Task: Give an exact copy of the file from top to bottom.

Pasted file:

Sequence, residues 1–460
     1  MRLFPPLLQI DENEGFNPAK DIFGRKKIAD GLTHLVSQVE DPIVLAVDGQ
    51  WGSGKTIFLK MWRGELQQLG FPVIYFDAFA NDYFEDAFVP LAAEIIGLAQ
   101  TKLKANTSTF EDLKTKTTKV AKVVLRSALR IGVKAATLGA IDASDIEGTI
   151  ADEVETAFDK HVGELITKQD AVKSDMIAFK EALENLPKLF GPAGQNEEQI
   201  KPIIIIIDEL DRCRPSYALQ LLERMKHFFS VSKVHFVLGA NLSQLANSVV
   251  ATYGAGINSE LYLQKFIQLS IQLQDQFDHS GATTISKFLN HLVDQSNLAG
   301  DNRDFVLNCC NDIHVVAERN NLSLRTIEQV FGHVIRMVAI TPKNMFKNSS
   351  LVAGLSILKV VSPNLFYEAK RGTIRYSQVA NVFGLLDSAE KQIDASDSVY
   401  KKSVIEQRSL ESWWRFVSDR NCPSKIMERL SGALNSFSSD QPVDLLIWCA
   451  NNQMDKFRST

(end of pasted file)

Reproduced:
Sequence, residues 1–460
     1  MRLFPPLLQI DENEGFNPAK DIFGRKKIAD GLTHLVSQVE DPIVLAVDGQ
    51  WGSGKTIFLK MWRGELQQLG FPVIYFDAFA NDYFEDAFVP LAAEIIGLAQ
   101  TKLKANTSTF EDLKTKTTKV AKVVLRSALR IGVKAATLGA IDASDIEGTI
   151  ADEVETAFDK HVGELITKQD AVKSDMIAFK EALENLPKLF GPAGQNEEQI
   201  KPIIIIIDEL DRCRPSYALQ LLERMKHFFS VSKVHFVLGA NLSQLANSVV
   251  ATYGAGINSE LYLQKFIQLS IQLQDQFDHS GATTISKFLN HLVDQSNLAG
   301  DNRDFVLNCC NDIHVVAERN NLSLRTIEQV FGHVIRMVAI TPKNMFKNSS
   351  LVAGLSILKV VSPNLFYEAK RGTIRYSQVA NVFGLLDSAE KQIDASDSVY
   401  KKSVIEQRSL ESWWRFVSDR NCPSKIMERL SGALNSFSSD QPVDLLIWCA
   451  NNQMDKFRST